Cameron, 43, became prime minister when Labor's Gordon Brown stepped down Tuesday. That ended the political deadlock after last Thursday's elections gave Cameron's Conservative Party a plurality, but not majority, of seats in Parliament's House of Commons.
The Conservatives won 306 seats in the 650-seat House of Commons. Brown's Labor Party was next at 258 and the Liberal Democrats third with 57, creating a hung Parliament.
Brown, as sitting prime minister, could have tried to form a government but stepped aside leaving Cameron to turn to the Nick Clegg and the Liberal Democrats to put together a working majority.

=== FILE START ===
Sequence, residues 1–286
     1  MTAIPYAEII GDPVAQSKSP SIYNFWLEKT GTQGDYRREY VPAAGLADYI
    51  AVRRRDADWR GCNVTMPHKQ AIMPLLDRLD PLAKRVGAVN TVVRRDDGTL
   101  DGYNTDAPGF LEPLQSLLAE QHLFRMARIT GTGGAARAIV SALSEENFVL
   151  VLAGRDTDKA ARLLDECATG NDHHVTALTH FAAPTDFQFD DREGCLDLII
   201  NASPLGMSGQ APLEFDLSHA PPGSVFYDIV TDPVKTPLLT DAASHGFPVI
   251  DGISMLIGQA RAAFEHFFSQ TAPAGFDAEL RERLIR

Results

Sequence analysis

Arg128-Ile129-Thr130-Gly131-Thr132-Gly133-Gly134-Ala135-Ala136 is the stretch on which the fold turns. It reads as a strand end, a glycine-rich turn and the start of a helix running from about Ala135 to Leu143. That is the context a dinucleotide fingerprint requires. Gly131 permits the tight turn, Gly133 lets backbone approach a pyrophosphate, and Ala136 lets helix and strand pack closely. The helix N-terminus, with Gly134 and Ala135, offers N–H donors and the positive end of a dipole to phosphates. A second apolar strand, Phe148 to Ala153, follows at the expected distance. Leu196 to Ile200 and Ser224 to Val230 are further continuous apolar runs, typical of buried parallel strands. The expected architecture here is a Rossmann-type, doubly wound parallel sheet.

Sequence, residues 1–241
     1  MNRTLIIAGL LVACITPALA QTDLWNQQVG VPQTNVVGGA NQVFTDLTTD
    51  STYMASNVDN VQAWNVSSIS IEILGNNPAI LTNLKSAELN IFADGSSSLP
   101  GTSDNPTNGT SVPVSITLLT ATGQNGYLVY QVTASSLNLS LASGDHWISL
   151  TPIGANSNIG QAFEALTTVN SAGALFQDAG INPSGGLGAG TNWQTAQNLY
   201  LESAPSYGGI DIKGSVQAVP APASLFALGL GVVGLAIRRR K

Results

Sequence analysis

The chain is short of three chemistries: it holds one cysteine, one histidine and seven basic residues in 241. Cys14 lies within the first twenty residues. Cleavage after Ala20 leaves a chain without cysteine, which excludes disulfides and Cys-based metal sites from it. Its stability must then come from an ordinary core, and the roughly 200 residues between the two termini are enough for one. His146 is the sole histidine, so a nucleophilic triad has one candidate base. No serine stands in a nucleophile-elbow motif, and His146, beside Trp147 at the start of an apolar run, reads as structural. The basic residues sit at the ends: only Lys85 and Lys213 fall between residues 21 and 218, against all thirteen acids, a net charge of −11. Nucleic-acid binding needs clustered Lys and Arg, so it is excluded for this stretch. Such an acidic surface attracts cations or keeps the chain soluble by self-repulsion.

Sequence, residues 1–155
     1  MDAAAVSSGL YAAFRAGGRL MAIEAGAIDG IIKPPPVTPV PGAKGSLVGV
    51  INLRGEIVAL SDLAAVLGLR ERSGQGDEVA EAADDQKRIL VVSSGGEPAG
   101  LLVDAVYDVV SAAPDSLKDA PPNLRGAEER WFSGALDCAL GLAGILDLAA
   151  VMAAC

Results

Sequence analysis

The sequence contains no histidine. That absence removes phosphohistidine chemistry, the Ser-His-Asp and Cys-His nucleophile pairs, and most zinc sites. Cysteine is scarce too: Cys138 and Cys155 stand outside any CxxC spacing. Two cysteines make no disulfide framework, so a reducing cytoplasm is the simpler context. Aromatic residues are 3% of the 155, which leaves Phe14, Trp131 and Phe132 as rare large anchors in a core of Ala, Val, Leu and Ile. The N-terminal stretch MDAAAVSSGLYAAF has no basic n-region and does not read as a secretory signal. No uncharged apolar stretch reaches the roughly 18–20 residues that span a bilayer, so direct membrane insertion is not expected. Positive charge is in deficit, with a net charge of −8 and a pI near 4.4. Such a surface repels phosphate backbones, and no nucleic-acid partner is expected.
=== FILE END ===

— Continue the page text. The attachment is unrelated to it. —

The economy will be first order of business for Cameron, who was greeted on his first full day in office with word unemployment in the United Kingdom is at its highest since 1994.
The coalition, the first such ruling agreement in Britain since World War II, is an unexpected mix and as a commentator for American Public Media's Marketplace Morning Report related, "the cynics are saying it may not be too long before the two governing parties are fighting like ferrets in a sack."
Clegg, however, said he doesn't see such conflicts as inevitable.
"I hope this is the start of the new politics I have always believed in -- diverse, plural, where politicians of different persuasions come together, overcome their differences in order to deliver good government for the sake of the whole country," he said, even while admitting his party members have "many questions, maybe many doubts."